Ad hoc Coalitions and Local Causes

As liberalization directives have been revised every three to five years in order to prompt market opening, competition and concentration have intensified, thus increasingly impacting not only workers but also the nature of the services provided to the public. While large international coordination seems to know an ebb tide, a trend towards intense local mobilization at an earlier stage with the objective of preventing liberalization has been an ongoing phenomenon over the past decade. Among the ‘usual suspects’ such as the unions or left-wing movements, such broader coalitions have also involved local communities and ad hoc citizens’ groups.

Healthcare has been a sector where the contestation vis-a-vis privatization has intensified over the past few years. Healthcare has not been impacted by EU liberalization policies in the same way as utilities and transport sectors. The Directive on patients’ rights in cross-border healthcare from 2011 aims at opening the boundaries of national healthcare systems by offering guarantees to patients who seek health services in other EU countries to be reimbursed at home (Sect. 3 in this chapter). Most crucially, however, the exponential rise in the demand for affordable healthcare within European societies combined with the erosion of state revenue has made the funding of healthcare a major issue for all governments. EU integration has contributed to tightening this financial straight jacket through various routes—including the convergence towards The European and Monetary Union (EMU), and more recently, the response to the 2008 financial and debt crisis (this is analysed in greater detail in Chap. 6).Asa result, many governments have undertaken the restructuration and/or privatization of healthcare services and hospitals with negative consequences in terms of work intensification and service quality. Such policies have been vigorously contested by coalitions of local or national actors. In Britain, a platform called ‘Keep our NHS public’ which gathers various NGOs and groups, including the UK’s largest union Unison, was set up in 2005 in order to fight against the creeping privatization of the NHS. The launch statement claims that ‘At the heart of the changes is the creation of a market that welcomes profit-driven international corporations who answer to shareholders, not patients.’[1]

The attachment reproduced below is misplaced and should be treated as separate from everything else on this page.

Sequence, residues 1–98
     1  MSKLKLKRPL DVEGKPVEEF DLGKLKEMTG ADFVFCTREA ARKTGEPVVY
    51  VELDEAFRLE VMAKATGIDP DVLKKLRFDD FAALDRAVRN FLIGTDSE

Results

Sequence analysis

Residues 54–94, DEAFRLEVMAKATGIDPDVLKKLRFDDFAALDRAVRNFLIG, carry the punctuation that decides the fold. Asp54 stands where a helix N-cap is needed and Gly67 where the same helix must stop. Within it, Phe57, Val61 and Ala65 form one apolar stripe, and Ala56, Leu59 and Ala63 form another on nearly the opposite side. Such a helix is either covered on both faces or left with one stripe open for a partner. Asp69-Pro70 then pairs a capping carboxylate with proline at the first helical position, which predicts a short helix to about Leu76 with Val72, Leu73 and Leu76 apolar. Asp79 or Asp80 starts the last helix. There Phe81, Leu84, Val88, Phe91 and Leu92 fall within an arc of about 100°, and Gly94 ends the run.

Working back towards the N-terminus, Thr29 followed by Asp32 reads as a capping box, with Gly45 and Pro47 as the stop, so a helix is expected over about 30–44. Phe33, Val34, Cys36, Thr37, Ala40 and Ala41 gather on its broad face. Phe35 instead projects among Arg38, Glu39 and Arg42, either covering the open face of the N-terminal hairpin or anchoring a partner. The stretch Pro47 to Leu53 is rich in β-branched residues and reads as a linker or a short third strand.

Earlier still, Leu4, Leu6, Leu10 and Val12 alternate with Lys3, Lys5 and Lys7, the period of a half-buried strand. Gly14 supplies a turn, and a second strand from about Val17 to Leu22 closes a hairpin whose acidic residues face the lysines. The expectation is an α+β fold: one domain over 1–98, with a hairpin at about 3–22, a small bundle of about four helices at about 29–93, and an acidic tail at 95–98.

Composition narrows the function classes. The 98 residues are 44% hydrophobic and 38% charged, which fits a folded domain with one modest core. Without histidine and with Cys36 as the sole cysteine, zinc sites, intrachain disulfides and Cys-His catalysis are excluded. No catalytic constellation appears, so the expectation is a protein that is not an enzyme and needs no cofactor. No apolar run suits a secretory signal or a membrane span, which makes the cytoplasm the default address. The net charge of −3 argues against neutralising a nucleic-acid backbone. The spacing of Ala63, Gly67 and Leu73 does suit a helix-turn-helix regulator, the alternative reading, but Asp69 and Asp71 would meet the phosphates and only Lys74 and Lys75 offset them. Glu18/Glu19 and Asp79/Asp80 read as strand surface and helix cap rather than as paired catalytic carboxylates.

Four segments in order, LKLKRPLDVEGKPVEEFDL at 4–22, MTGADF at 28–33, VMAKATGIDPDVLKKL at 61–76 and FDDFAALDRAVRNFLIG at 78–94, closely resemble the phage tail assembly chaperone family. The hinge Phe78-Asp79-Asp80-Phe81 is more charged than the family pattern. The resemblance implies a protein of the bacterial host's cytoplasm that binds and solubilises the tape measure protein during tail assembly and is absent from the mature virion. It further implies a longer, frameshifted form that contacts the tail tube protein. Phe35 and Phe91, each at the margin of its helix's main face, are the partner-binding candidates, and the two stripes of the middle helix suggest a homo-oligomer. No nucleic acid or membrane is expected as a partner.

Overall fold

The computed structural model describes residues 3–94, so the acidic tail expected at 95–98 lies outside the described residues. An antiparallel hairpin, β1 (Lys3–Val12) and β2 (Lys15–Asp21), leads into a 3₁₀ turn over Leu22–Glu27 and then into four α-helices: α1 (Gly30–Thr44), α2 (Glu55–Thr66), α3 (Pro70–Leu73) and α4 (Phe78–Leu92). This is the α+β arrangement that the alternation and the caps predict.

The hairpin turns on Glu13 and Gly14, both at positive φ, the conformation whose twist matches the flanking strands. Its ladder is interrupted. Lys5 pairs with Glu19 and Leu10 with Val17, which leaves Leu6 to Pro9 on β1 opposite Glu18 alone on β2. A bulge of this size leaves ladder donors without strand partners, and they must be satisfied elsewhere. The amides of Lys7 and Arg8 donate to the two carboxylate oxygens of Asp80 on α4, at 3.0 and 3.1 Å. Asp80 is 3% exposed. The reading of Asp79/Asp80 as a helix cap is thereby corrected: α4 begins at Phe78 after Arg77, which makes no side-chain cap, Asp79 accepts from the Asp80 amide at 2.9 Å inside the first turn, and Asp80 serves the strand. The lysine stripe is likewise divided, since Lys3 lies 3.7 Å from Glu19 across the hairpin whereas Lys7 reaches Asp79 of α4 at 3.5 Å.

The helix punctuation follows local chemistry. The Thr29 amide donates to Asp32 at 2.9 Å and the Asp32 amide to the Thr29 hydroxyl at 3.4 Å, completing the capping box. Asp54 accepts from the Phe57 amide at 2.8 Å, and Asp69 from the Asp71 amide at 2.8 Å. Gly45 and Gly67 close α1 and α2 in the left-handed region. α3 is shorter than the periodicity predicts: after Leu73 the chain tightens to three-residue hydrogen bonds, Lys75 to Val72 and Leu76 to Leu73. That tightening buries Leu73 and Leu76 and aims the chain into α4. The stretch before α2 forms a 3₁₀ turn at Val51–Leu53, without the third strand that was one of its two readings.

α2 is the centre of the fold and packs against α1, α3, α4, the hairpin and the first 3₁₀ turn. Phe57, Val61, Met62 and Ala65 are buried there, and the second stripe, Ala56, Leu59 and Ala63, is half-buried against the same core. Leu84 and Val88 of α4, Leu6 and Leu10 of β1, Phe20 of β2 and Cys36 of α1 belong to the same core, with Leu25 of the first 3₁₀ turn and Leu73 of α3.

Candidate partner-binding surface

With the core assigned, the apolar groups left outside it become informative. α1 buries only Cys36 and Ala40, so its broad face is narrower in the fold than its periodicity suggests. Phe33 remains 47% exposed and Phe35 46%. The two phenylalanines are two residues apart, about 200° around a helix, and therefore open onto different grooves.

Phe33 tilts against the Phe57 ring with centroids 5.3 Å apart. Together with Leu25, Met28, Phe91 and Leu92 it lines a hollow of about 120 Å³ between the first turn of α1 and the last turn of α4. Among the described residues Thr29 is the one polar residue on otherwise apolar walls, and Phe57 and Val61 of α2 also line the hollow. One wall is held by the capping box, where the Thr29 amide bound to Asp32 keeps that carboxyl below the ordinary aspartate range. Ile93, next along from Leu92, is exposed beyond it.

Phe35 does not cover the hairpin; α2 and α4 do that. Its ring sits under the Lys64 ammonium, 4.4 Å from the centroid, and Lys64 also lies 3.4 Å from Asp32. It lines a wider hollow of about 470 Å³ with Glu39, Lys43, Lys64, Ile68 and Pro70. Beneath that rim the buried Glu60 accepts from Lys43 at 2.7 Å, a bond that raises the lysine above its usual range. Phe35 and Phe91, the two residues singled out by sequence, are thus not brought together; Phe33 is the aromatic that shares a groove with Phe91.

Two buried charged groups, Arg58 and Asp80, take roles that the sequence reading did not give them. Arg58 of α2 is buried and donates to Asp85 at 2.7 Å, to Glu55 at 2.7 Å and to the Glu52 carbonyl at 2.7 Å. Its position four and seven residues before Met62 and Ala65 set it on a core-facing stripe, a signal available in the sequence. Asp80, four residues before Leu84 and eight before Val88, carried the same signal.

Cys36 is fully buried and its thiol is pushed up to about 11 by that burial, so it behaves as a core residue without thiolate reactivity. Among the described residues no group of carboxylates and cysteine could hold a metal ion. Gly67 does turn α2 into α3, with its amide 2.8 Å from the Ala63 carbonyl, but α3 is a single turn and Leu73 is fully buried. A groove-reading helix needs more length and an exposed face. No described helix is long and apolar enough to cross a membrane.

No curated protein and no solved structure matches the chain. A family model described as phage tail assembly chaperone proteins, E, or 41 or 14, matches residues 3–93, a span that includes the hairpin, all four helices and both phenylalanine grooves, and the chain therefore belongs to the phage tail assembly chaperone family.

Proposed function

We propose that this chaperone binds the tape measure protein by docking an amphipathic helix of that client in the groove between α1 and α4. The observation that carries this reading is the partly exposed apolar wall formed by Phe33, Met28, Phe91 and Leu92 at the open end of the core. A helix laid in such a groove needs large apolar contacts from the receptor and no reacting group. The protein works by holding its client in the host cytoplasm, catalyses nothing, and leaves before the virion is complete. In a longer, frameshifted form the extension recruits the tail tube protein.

In Central and Eastern Europe, several radical government initiatives have met strong resistance. In Hungary, Poland and the Czech Republic in particular, governments have sought to privatize healthcare services and insurance in the course of the 2000s (Lorant 2009). In Hungary, a two- year-long campaign against the government’s plans to privatize healthcare facilities (hospitals) and services led to a referendum which took place on 5 December 2005. Sixty-five per cent of the voters opposed privatization and the proposed law was also turned down by the Constitutional Court (Hermann et al. 2012, p. 157).

The call for local or national referendums has become a new tool used by coalitions of workers and professionals’ unions, citizens groups and NGOs for preventing or reversing privatization in various utility sectors (Hermann et al. 2012, pp. 161-163). In 2008, for example, through a referendum in Leipzig (Germany) a citizens’ network branded APRIL prevented the planned privatisation of the local gas and electricity provider. Similar local referenda over the privatization of water and energy supply were held in Hamburg and Berlin (Blanchet 2015) and showed strong support of German citizens for the public management of utilities. In 2003, a majority of Slovenians rejected the privatization of railways and telecommunications in two referenda (Ibid., p. 157). In Italy, a national referendum was held in June 2011 which included two questions on water provision. Over 95 % of the voters rejected the proposal to privatize the water supply; they also opposed a change in regulations which would make water supply a profit-making activity. The movement against privatization was born in Tuscany with the creation of local committees after the takeover by the French multinational company Suez had led to a strong increase in the price of water distribution. The first Alternative World Water Forum which took place in Florence in 2003 also contributed to the emergence of the movement (Bieler 2014). In the more centralized France, such initiatives have sometimes come from decision makers themselves. In 2007, the municipal council of Paris, under the authority of the socialist mayor Bertrand Delanoё, voted for the ‘remunicipalization’ of the water supply after more than 20 years of private management by the multinationals Veolia and Suez.

  • [1] Keep our NHS public, ‘Launch statement. Keep our NHS public!’, available at, date accessed 12 May 2015.
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